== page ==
The researchers found that D-dimer levels were higher at admission among those who developed progressive disease. This subset of patients also had higher MPV and a higher neutrophil count, while the ratio of platelets to neutrophils was lower at admission. These differences were still obvious after they entered ICUs.
Initially, platelet counts were comparable between both groups but subsequently decreased among the severe group at the point of ICU admission, in addition to a higher ratio of neutrophils to lymphocytes, findings that agree with earlier studies.
Platelets Hyper-Responsive to Activators
Like other researchers, the current study shows that platelet aggregation increases with exposure to low-dose thrombin and U46619 (a thromboxane A2 receptor agonist), activators of dense granule release. Platelets respond more sensitively with ADP secretion to such activating doses within the blood of COVID-19.
ADP release increased three times with low doses of thrombin, but 28 and 89 times with U46619 compared to healthy and hospitalized controls. With high doses, the dense granule secretion increased two and ten times in COVID-19 patients and controls, respectively.
In short, platelets in COVID-19 patients respond more readily and highly to low doses of activators – they have a lower threshold for activation.
This pattern has been previously reported concerning low-level agonist-induced platelet reactivity in patients with dengue virus nonstructural proteins. This, the study says, could mean “a virus-induced sensitization of platelets.” The autocrine role of ADP, ATP and thromboxane A2 causes further amplification of platelet activation and granule release. This further indicates that COVID-19 is a condition in which platelet reactivity is increased, promoting the occurrence of clotting.
Higher PF4, sP-Selectin, and TPO
In COVID-19 patients, TPO, PF4, and soluble P-selectin were all higher compared to controls. The latter could also discriminate severe from mild COVID-19, as could TPO to a lesser extent.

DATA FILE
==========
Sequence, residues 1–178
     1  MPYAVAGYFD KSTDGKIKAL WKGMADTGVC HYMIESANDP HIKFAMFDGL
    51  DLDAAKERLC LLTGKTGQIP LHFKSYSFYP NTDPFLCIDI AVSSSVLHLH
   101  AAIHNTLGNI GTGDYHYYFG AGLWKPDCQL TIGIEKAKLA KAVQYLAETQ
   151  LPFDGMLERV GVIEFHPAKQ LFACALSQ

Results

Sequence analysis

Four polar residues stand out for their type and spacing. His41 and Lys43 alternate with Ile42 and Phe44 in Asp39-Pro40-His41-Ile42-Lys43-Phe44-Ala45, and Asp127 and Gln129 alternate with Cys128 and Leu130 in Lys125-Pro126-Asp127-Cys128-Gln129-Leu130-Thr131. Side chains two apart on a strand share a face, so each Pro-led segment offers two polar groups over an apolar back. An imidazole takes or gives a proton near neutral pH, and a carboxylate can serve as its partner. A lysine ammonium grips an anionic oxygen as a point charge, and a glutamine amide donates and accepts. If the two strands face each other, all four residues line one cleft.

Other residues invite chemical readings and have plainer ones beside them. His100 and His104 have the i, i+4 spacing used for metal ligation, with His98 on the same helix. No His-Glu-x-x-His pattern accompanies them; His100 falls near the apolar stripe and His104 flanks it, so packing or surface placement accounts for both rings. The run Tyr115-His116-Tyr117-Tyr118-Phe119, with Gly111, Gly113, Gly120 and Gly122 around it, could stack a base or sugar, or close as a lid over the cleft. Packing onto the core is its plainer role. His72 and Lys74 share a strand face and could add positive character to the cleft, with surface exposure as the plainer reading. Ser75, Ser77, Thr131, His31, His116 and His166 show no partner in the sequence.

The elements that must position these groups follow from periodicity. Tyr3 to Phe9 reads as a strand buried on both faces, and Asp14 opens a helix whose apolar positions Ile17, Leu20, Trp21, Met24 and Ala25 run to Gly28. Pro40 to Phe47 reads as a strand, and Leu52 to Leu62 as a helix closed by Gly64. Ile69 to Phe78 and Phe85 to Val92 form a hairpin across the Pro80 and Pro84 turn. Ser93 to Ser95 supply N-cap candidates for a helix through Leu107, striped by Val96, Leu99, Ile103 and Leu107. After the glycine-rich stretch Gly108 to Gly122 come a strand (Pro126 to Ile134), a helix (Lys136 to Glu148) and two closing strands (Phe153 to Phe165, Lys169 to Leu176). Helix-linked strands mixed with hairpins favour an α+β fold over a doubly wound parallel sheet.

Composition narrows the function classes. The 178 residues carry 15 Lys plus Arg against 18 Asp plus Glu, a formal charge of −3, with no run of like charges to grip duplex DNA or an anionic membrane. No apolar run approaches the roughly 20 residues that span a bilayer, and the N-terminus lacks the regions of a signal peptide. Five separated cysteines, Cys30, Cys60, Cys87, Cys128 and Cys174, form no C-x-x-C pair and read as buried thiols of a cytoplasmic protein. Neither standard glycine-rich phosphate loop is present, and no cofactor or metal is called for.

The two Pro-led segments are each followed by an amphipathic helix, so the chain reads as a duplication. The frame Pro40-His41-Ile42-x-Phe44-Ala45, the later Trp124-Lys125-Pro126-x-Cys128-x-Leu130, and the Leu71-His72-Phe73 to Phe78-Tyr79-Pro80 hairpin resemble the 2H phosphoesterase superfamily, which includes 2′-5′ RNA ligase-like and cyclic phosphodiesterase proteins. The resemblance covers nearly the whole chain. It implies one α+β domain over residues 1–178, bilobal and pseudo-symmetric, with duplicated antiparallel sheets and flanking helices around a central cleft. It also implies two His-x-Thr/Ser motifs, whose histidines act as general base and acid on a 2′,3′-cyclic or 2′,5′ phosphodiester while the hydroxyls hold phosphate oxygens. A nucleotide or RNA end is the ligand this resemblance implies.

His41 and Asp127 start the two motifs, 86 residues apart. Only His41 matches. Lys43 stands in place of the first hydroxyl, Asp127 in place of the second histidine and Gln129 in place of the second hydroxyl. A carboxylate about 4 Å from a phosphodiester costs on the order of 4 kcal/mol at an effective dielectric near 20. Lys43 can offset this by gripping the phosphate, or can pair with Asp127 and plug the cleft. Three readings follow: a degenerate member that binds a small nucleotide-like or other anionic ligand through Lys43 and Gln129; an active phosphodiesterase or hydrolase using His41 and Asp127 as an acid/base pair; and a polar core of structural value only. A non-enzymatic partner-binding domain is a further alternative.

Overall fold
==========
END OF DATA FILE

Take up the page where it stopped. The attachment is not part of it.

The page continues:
Platelet Activation Predicts Severe Disease
COVID-19 appears to be related to higher than normal platelet responsiveness to activators, which could indicate a push towards higher platelet production as signaled by the increase in TPO in COVID-19 patients uniformly.
The raised MPV at admission in those who went on to develop severe disease also indicates the expression of more activation markers, on platelets with a higher dense granule density. When these granules release their contents such as ADP, thromboxane, and Beta-thromboglobulin, this can act as a powerful stimulant to further activation of platelet reserves.
One prior study has found that mRNA encoding ACE2 is found in platelets. Still, it is not known if the virus infects platelets, either via ACE2 or other receptors like FcγRIIA, to promote hyper-responsiveness.
The study concludes, “It has been apparent since the early stages of the COVID-19 pandemic that derangements of hemostasis represent a hallmark of this disease and appear to be associated with significant morbidity. The etiology of hypercoagulability in COVID-19 is likely multi-factorial but it is presumed to be driven by the marked inflammatory response which arises following infection.” Further understanding of how platelet dysfunction occurs and how to counter it successfully in COVID-19 is crucial to reducing the number of deaths that occur following a progressive illness.
medRxiv publishes preliminary scientific reports that are not peer-reviewed and, therefore, should not be regarded as conclusive, guide clinical practice/health-related behavior, or treated as established information.